19. Jacobson N. Cleavage. New Brunswick: Rutgers; 2000.
20. Shaw Bland C. The Halsted Mastectomy: Present Illness
and Past History. West J Med. 1981;134(6):549-55.
21. Glicenstein J. Pioneers in plastic surgery. Suzanne Noël
(1878-1954). Ann Chir Plast Esthet. 1988;33(4):389-94.
Rad je primljen 7. VII 2014.
Recenziran 21. II 2015.
Prihvaćen za štampu 22. II 2015.
BIBLID.0025-8105:(2015):LXVIII:5-6:199-204.
22. Stelnicki EJ, Young VL, Francel T, Randall P, Vilray P.
Blair (1871-1955), his surgical descendants, and their roles in plastic
surgical development. Plast Reconstr Surg. 1999;103(7):1990-2009.
23. Chang J. Plastic Surgery, Hand surgery: hand surgery. Elsevier: Health Sciences; 2013.
24. Art Baue. Edward Delos Churchill. Pioneer, Eudcator; Leader in Surgery. The Massachusetts General Hospital Surgical
Society Newsletter; 2002;3:1.
25. Spitz S. Melanomas of childhood. Am J Pathol. 1948;24:591609.
26. Strömbeck JG: Mammaplasty: report of a new technique
based on the two-pedicle procedure. Br J Plast Surg. 1960;13:79.
27. Mazzarone F, Pitanguy I, Vargas AF, Nunes D, Gabriele J.
Use of the pitanguy large flap demarcator in thigh dermolipectomy
with a medioanterior scar extension. Aesthetic Plastic Surg. 2007;
31(6):657-62.
28. Cronin TD, Gerow FJ. Augmentation mammaplasty: a new
“natural feel” prosthesis. Excerpta Medica International Congress
Series 1963;66:41.
29. Susumu Tamai, et al. Experimental and Clinical Reconstructive Micros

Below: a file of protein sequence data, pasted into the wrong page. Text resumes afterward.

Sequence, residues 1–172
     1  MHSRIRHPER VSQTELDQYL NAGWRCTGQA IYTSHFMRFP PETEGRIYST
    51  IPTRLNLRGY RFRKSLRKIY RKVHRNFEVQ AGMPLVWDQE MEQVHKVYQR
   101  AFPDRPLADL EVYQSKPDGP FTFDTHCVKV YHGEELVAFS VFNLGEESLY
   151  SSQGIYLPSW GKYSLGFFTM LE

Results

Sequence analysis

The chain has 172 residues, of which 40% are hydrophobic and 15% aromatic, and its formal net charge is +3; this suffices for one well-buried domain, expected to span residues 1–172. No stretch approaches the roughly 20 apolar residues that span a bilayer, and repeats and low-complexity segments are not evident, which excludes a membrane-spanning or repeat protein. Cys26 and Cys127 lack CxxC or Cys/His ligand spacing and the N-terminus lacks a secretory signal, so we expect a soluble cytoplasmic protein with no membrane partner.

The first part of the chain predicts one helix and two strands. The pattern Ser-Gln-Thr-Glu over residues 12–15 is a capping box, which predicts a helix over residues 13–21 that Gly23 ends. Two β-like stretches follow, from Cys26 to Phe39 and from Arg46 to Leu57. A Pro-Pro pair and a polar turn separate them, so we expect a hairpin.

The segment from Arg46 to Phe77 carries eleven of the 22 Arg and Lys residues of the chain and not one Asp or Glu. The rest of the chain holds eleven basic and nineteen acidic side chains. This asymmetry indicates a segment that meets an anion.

30. Janzekovic Z. A new concept in the early excisio and immediate frafting of burns. J Trauma. 1970;10(12):1103-8.
31. Breslow A. Thickness, Cross-Sectional Areas and Depth of
Invasion in the Prognosis of Cutaneous Melanoma. Ann Surg. 1970;
172(5):902-8.
32. Buncke H, McLean D, George P, Creech B, Chater N, Commons G.Thumb replacement: great toe transplantation by microvascular anastomosis. Br J Plast Surg 1973;26(3):194-201.
33. Kosutic D. The life and work of Marko Godina: In memory
of a pioneer of reconstructive microsurgery. J Plast Recinst Aest
Surg. 2007;60(10):1171-2.
34. Yannas IV, Burke JF. Design of an artificial skin I. Basic
design principles. J Biomed Mater Res. 1980;14:65-81.
35. Mathes SJ, Nahai F. Reconstructive surgery: principles,
anatomy & technique. Michigen: Churchill Livinstone; 1997.
36. Thomas A, Obed V, Murarka A, Malhotra G. Total face and
scalp replantation. Plast Reconstr Surg. 1998;102(6):2085-7.
37. Stome C. The Evidence for plastic surgery. Castle Hill Barns
Hewrley 2013.
38. Stenzl A, Ninkovic M, Kölle D, Knapp R, Anderl H, Bartsch G. Restoration of voluntary emptying of the bladder by transplantation of innervated free skeletal muscle. Lancet 1998. p. 1483-5.
39. Devauchlle B, Testelin S, Dakpe S, Ledngelé B, Dubernard
JM. From graft, archetype of microsurgical innovation? Ann Chir
Plast Aest. 2010;55(5):452-60.
Med Pregl 2015; LXVIII (5-6): 204-210. Novi Sad: maj-juni.
Clinical Center Niš, Center for Radiology
High Medical School of Professional Studies “Hipokrat” in Bujanovac1
University of Niš, Faculty of Medicine
Clinical Center Niš, Department of Eye Diseases2
205
History of medicine